Let’s use the example of the failed coffee advertiser from above.
Let’s say this cafe also has a monthly coffee bean subscription product and wants to get more signups.
Therefore, we reach out to the low hanging fruit by targeting individuals who already show a strong affinity towards coffee and single origin coffee beans.
First, we’ll start with a name, Single Origin Sam… (catchy right?)
Demographics and Interests
In this first section, we fill in the demographic information and interests of your ideal customer.
Based on the demographic information we’ve gathered from various cafes in the area, we know that 25-34 year olds tend to frequent nearby cafes, the majority single males, who bring their laptops in for work; generally web development.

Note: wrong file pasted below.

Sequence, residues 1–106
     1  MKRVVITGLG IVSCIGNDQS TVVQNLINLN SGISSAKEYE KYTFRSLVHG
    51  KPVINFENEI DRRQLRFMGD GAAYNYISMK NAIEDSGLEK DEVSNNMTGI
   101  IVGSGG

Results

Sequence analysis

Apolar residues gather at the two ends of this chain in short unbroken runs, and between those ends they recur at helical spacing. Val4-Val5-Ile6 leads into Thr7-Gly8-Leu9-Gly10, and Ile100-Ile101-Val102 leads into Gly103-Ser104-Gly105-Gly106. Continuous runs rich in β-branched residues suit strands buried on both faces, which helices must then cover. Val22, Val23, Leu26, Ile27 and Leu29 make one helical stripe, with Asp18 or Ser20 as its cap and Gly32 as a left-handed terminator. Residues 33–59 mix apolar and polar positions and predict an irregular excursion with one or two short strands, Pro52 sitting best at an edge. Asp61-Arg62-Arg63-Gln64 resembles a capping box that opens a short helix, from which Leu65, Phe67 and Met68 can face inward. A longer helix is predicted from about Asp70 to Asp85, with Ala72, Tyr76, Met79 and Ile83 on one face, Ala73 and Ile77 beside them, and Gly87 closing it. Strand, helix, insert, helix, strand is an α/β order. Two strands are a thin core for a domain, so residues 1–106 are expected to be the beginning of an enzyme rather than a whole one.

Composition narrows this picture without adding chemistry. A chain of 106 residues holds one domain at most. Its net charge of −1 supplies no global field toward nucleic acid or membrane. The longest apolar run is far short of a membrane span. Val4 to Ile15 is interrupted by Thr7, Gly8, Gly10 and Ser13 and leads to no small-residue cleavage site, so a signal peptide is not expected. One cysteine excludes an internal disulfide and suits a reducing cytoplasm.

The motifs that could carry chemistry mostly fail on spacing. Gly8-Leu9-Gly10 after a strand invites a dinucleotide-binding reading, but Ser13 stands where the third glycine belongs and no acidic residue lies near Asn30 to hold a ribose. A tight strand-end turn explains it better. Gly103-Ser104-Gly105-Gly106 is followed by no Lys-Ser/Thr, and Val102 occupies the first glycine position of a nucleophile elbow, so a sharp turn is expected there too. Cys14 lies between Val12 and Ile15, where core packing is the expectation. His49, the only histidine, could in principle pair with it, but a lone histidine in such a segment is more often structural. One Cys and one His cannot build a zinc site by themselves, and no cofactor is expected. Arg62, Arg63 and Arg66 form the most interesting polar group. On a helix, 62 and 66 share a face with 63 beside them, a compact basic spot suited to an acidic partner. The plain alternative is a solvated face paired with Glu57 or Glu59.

In terms of interests, customers come from a hip part of town with plenty of innovative restaurants and craft beer bars. Many brew coffee at home themselves using an Aeropress or Hario V60.
This love of coffee means they subscribe to very industry specific blogs and social media accounts as well as attend certain coffee events in town.
Notice how a big chain like Starbucks doesn’t appear; that’s because they’re a household name and not a targeted interest.
Just about anyone (coffee lover or not) can like Starbucks, so running with them as an interest might be too broad.
We want to get specific…
Now our buyer persona has come to life! But, let’s dig deeper…